EHI is a complex disorder wherein physiological, environmental, and hereditary factors interact to endanger an individual’s ability to maintain thermal homeostasis.
Individuals’ genetic background is likely to play an important role, particularly when EHI recurs. Recurrent EHI has been associated with MH and other genetic disorders, highlighting the importance of identification and exclusion of individuals with known high risk factors.
Melanie L. Sartore-Baldwin and Matthew Walker
Despite anecdotal claims attesting to the influence that social responsiveness has on the purchase behaviors of consumers, this article examined if a specific initiative could result in such outcomes. We investigated the extent to which the Drive for Diversity (D4D) initiative affected consumers’ perceived image and patronage directed toward NASCAR. This study was partially motivated by the importance of social initiatives in practice to underscore their influence on customer-related outcomes. As such, the findings indicated that the NASCAR’s D4D and the perceived image of the organization are key variables in the model. The results also highlighted the mediating role of image and the moderating role of identification on the proposed relationship. More specifically, the authors found that the socially responsive initiative only moderately influenced consumers’ intentions but when coupled with the image of the organization, this relationship became far more impactful.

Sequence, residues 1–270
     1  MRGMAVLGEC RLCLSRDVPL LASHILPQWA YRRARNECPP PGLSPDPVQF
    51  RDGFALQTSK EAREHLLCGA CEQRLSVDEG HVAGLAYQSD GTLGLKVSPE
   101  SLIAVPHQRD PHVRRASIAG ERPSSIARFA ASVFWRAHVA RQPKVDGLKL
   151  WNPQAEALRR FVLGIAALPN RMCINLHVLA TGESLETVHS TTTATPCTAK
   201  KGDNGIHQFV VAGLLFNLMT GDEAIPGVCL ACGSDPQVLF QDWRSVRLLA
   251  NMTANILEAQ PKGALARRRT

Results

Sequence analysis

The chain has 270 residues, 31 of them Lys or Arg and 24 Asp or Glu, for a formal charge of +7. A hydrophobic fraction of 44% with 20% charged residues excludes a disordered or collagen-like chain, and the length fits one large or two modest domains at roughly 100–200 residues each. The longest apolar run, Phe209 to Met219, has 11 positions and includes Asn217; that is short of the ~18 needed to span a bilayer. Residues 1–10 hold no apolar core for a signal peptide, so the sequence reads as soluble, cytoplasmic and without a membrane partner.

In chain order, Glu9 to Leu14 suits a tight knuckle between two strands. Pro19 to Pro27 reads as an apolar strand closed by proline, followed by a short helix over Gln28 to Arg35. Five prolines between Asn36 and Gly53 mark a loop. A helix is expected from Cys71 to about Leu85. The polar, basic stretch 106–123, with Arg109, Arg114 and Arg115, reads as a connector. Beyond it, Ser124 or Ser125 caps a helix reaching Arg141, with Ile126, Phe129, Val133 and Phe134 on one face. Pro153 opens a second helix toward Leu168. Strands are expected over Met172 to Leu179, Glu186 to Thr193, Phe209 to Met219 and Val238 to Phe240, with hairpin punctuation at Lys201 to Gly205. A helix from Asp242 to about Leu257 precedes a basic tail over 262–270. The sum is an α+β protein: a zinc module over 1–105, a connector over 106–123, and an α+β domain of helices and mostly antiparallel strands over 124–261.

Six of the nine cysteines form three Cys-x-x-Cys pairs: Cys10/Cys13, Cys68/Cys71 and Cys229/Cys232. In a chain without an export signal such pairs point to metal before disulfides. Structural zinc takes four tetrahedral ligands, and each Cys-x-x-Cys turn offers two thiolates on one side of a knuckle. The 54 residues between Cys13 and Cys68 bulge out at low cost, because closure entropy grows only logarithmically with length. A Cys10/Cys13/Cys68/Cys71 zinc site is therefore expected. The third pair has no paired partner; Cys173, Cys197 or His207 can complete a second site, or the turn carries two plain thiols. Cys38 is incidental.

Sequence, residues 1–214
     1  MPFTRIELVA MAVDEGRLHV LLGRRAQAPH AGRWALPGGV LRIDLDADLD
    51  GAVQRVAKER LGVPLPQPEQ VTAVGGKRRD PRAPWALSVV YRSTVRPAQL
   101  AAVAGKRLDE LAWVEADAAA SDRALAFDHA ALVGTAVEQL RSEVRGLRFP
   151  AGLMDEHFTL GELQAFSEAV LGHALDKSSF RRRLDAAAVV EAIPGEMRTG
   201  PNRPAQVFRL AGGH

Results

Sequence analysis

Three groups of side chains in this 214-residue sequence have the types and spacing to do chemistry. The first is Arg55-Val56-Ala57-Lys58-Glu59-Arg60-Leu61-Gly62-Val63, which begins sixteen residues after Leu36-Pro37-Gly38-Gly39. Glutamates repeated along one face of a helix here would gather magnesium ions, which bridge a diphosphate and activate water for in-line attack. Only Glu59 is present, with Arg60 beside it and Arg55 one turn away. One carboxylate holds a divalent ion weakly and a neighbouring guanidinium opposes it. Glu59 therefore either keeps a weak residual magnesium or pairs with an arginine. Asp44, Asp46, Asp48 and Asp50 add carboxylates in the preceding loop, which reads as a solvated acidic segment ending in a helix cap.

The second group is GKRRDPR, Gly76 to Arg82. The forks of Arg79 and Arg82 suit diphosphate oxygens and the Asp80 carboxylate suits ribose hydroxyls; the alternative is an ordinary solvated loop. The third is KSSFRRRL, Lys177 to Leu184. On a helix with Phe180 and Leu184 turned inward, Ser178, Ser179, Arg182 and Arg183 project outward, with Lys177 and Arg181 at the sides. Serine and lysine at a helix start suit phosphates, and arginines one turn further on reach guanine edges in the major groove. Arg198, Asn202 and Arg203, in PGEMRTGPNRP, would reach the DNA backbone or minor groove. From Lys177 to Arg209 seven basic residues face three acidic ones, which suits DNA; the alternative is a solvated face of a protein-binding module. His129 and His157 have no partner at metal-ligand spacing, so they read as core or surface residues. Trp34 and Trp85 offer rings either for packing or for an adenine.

Mette Krogh Christensen
The purpose of this study is to explore how top-level soccer coaches identify talent. I draw on Bourdieu’s work to challenge a commonly held assumption that talent identification is a rational or objective process. Analysis of in-depth interviews with eight coaches of national youth soccer teams indicated these coaches identified talent in three ways. First, coaches use their practical sense and their visual experience to recognize patterns of movement among the players. Second, the coaches’ classificatory schemes are characterized by their preference for so-called “autotelic” players, that is, players that, from the coaches’ perspective, exhibit a potential to learn, practice, and improve. Third, the study shows that talent, of which the coaches act as arbiters of taste, is socially configured in top-level soccer.